Not only does dietary fat help us absorb fat soluble vitamins, some types of fat protect against disease. These high fat foods are worth adding to your eating plan for both their heart-healthy fat content and the many other nutrients they provide.
Eighty-five percent of the calories in an avocado come from fat with the majority being monounsaturated fat that is linked to a reduced risk for heart disease. The fat in avocados also helps us better absorb valuable nutrients in other foods we eat. One study showed that the absorption of lycopene and beta-carotene in a salad was increased when avocado and avocado oil were added. Avocados are also rich in carotenoids and phytosterols that help control inflammation associated with disease. The folate and vitamin B6 in avocados further help to support heart health. One whole avocado contains 20.9 grams total fat and 2.9 grams saturated fat.
The Academy of Nutrition and Dietetics reports that chia seeds are an excellent source of fiber. They also provide protein, iron, calcium, magnesium, and zinc. Initial research shows that chia seeds have potential for reducing total cholesterol, triglycerides, and blood pressure. Two tablespoons of chia seeds contains 10 grams of total fat and 1 gram of saturated fat.
Extra Virgin Olive Oil
Research has linked the intake of monounsaturated fat in olive oil to decreases in total blood cholesterol and LDL (bad) cholesterol. Extra virgin olive oil also contains vitamin E, beta-carotene, and polyphenols that act as antioxidants to reduce inflammation and protect blood vessels from damage. Look for extra virgin olive oil from the first pressing, often indicated on the label. Research shows this type may be more effective at reducing inflammation due to the higher concentrations of antioxidants in the oil from the first pressing of the olives. One tablespoon of extra virgin olive oil contains 14 grams of total fat and 2 grams saturated fat.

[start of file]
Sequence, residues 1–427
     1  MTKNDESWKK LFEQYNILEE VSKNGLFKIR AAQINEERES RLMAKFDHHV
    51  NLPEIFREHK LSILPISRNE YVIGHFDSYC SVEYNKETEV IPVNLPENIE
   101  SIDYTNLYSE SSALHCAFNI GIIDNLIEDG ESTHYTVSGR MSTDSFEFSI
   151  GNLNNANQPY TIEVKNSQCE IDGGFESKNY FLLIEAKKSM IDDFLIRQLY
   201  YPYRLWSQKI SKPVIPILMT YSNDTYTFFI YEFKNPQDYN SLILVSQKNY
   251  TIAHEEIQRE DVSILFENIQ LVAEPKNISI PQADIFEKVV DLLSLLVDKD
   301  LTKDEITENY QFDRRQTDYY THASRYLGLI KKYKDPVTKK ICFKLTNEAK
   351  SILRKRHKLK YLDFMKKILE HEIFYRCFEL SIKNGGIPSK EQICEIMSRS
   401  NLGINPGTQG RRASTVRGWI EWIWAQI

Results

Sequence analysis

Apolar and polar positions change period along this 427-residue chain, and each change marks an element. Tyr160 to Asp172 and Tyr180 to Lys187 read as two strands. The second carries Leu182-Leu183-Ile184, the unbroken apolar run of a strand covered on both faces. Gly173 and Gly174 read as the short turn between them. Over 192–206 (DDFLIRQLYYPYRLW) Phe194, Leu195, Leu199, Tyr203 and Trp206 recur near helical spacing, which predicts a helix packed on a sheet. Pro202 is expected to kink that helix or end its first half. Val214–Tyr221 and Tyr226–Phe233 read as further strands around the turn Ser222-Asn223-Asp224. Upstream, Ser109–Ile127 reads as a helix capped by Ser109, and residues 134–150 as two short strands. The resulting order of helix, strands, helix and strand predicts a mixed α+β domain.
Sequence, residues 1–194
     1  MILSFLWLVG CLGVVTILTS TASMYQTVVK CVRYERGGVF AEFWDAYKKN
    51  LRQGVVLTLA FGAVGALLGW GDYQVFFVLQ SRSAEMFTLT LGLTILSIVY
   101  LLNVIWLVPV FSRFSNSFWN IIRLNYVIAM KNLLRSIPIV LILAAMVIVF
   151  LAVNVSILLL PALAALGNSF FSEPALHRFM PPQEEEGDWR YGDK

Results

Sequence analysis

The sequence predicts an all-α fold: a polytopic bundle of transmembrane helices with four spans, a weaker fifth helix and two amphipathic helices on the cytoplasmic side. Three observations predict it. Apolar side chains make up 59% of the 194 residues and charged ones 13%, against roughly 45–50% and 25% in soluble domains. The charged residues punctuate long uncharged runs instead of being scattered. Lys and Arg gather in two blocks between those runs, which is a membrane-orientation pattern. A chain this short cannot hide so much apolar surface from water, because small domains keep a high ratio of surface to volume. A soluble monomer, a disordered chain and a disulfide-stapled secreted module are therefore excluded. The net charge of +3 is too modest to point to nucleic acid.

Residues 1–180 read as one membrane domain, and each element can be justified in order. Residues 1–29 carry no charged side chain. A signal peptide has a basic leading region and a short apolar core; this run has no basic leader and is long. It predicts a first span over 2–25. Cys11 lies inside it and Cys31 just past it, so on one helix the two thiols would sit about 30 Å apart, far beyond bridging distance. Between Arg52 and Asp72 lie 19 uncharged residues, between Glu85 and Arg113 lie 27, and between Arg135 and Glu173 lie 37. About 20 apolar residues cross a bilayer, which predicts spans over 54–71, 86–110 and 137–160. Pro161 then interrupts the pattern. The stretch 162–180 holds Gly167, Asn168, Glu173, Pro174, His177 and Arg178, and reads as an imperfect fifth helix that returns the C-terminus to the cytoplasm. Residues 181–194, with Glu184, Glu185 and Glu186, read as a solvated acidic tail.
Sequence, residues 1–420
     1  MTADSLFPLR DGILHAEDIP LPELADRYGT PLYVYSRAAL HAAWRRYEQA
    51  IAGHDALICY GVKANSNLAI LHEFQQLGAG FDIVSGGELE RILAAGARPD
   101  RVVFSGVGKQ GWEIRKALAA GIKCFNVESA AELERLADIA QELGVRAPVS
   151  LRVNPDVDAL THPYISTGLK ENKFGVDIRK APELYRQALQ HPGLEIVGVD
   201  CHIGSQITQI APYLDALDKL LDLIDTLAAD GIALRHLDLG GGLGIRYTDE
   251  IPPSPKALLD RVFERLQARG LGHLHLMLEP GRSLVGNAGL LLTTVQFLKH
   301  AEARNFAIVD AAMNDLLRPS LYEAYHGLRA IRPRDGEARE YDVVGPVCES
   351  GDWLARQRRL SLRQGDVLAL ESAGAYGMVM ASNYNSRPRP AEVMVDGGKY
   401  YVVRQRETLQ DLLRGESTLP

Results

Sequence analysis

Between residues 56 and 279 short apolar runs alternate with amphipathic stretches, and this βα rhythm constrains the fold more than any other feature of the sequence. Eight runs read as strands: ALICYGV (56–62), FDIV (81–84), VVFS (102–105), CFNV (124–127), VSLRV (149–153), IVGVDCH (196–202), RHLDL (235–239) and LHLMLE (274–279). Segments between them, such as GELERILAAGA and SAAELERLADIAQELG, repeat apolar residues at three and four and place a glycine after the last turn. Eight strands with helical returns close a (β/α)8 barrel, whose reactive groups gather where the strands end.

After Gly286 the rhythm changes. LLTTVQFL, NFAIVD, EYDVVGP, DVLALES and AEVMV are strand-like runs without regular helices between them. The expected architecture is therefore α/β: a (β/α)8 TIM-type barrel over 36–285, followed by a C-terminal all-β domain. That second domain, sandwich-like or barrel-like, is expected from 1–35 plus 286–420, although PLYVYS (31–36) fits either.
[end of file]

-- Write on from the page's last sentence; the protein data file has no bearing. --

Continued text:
Not only does peanut butter contain heart-healthy fat, research shows that it may influence weight and hunger. Population studies show that those who eat peanuts and peanut butter have a lower body mass index. In one study, subjects who included peanut butter or peanuts with breakfast had an increase in the fullness and satiety hormone, Peptide YY, and reported a lower desire to eat 8 to 12 hours after the meal. Peanuts also contain phytosterols that reduce cholesterol and may prevent cancer. Two tablespoons of peanut butter contains 15 grams of total fat and 2 grams of saturated fat.
Tahini is a paste made from sesame seeds that provides a variety of minerals, including copper, manganese, calcium, magnesium, selenium, and iron as well as fiber and vitamin B1. The sesame seeds used to make tahini contain a special kind of fiber called lignans. This fiber has been found to reduce cholesterol and prevent high blood pressure. Two tablespoons of tahini contains 13 grams total fat and 1.5 grams saturated fat.
Walnuts are some of the best studied nuts and receive recognition for containing high amounts of omega-3 fatty acids. Walnuts are also high in a less common version of vitamin E (gamma-tocopherol), which is especially protective for heart health. In addition to heart healthy fat, research shows that walnuts contain a rare variety of phytonutrients that are found in few other foods. There are 20 grams of total fat and 2 grams of saturated fat in 1 ounce of walnut halves.